In regards to your complaint about how there should be dedicated functions like the Akai Force and Tempera, these devices were designed to serve specific musical duties and it is a little unfair to compare it to the Organelle as it’s goal is almost the exact opposite. The Organelle is basically a Raspberry Pi with an audio interface, microphone, some buttons and knobs, sometimes a speaker, and MIDI implementation that can interface with Pure Data. That’s really it. It’s daunting but I personally find it exciting but it does throw you to the sharks more so than other established languages with extensive documentation like the ones you mentioned.

There is still a wealth of resources that span the last decade on Pure Data and I can definitely link you some that I have found helpful in learning it but the other great thing is you don’t have to do it the C&G way of making pathces. I know there is the O-Knob system which was developed for the reason to address the issue of a ready made page and knob handler. They also have made a Graphics Demo patch that show cases how you can interact with the OLED display and it’s well documented.

There’s no limits but at the same time C&G aren’t really in the business of giving lessons on Pure Data which is I think is primarily responsible for the weird and wonky ways of working. I will say some of the ways C&G have implemented their shortcut system and other code can be difficult to understand as they employ lots of sends and receives so it requires bouncing through different subpatches to find what is going where. They primarily use their in house ways of doing things to create instruments and creative effects for their own stuff but I hardly ever use it except for some useful code and abstractions they’ve made every once in a while.

One more thing I’ll mention is in regards to Orac and why C&G don’t lean into it more and produce more content on it. I haven’t spoken to Chris, Owen, (C&G) or Mark (Orac creator) on this so this is all speculation. C&G have made content on how to use it and have featured Orac, Orac 2.0, and more recently Orhack. It’s not extensive and Orac is deep. Quite deep. But they have made an effort to bring it into the Organelle ecosystem. It also has it’s own conventions that it abides by and uses. Not to toot my own horn but I am pretty familiar with it so if you have questions, feel free to PM whenever.

I also don’t expect C&G to continue work on Orac as it’s GPL and they have no financial incentive to work on it as they can’t commercialize it (to my understanding, not a lawyer) unless they believe that is what the Organelle should become and will help sell more product. I don’t think that Mark would be comfortable if C&G hijacked his work and made that the base of the Organelle ecosystem, nor would I think they would even want to. They clearly have tons of fun making their own weird creative patches of their own and have been hard at work creating new and innovative instruments like 5 Moons, Eyesy, their Microphone, and more!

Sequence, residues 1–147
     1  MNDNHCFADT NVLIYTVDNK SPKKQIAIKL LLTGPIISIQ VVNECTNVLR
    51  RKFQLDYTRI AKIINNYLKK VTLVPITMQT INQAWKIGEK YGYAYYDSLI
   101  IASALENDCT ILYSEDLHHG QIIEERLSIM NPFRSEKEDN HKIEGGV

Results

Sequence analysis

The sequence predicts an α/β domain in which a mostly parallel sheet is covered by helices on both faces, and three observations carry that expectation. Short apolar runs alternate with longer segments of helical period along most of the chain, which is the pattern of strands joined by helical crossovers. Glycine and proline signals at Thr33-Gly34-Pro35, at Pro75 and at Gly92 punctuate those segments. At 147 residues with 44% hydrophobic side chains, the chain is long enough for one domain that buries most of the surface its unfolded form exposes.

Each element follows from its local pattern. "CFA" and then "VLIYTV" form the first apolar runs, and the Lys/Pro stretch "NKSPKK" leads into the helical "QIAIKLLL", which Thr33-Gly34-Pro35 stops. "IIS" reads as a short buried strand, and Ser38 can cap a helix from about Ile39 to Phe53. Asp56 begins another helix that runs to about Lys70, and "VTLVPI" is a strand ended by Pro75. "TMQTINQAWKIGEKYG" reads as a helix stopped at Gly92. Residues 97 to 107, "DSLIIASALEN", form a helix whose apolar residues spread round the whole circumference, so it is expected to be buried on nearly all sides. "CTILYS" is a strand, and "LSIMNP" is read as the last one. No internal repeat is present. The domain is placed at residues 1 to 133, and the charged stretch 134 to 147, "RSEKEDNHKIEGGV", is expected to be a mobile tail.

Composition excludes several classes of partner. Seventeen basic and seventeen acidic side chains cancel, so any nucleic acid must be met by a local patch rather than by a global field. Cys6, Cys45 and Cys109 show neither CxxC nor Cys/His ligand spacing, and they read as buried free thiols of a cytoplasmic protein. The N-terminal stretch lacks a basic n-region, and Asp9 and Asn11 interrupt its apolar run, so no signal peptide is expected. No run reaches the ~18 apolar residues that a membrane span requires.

Last thing I’ll say is the most powerful aspect of the Organelle is the community aspect. I usually try to always pop in on a forum post and help out whenever I can and there are many others who help too! I will be sure to address your specific concerns on how I have dealt with the filesystem navigation with screenshots when I take a closer look at what I did again lol.

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Okay I annotated and commented on all the different parts of the sample loading process. This is taken from Loopy but the general concept is the same for some of my other patches that utilize sample loading like OracLoops/Octaloops and Converb. The process is as follows. First we need to define an array which the sample will be stored in. We also will declare and add the soundshare library to our patch. The main listing and spitting out of path names is handled by the object soundshare_select. The guts of it are included below.

Based on the sample_src parameter, it will add the first part of the path and will choose the directory. These are preprogrammed and can be changed in the pd source abstraction. This is probably why it is pointing to kit’s that don’t exist because the program doesn’t care if it actually exists or not, it is just a message. After the source has been defined, folder_list spits out all the files that are contained into a list. The list can be scrolled through and different samples are selected with the samp_select parameter. When a sample has been chosen from the list, its path and name are output from two different outlets.

The file path gets sent to a read object which is sent to soundfile_info. We unpack it and use the 3rd outlet to resize the array so the array contains the entire sample. Finally we also use the path to send to the open object which is output to a readsf~ object which will finally read the soundfile into the array. From there you can look into various ways to play back said file. I hope this has been helpful and I’ve included the abstractions as well if you want to incorporate it.

sampleloading.zip (42.1 KB)

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Hi T8R,

I understand, that the first part of the path is hard coded in the function block „pd source“, named „kit-1“ to „kit-i“. That means this file browser will not browse folders, instead it browses wave-files contained in prepared folders, that have to follow a fixed naming.

I understand, that’s better than nothing, but I ask myself if it would be also possible to browse folders, dynamic and free?

Beside the PURE-DATA programming, I have to learn the UI-programming for the organelle, even if the UI is very simple, it’s important to keep the workflow simple and intuitive.

Unfortunately I only know of the way of using prepared file paths :confused: It hasn’t been a huge problem for me though because even though there a limited number of source locations, you can still fit many many audio files in each directory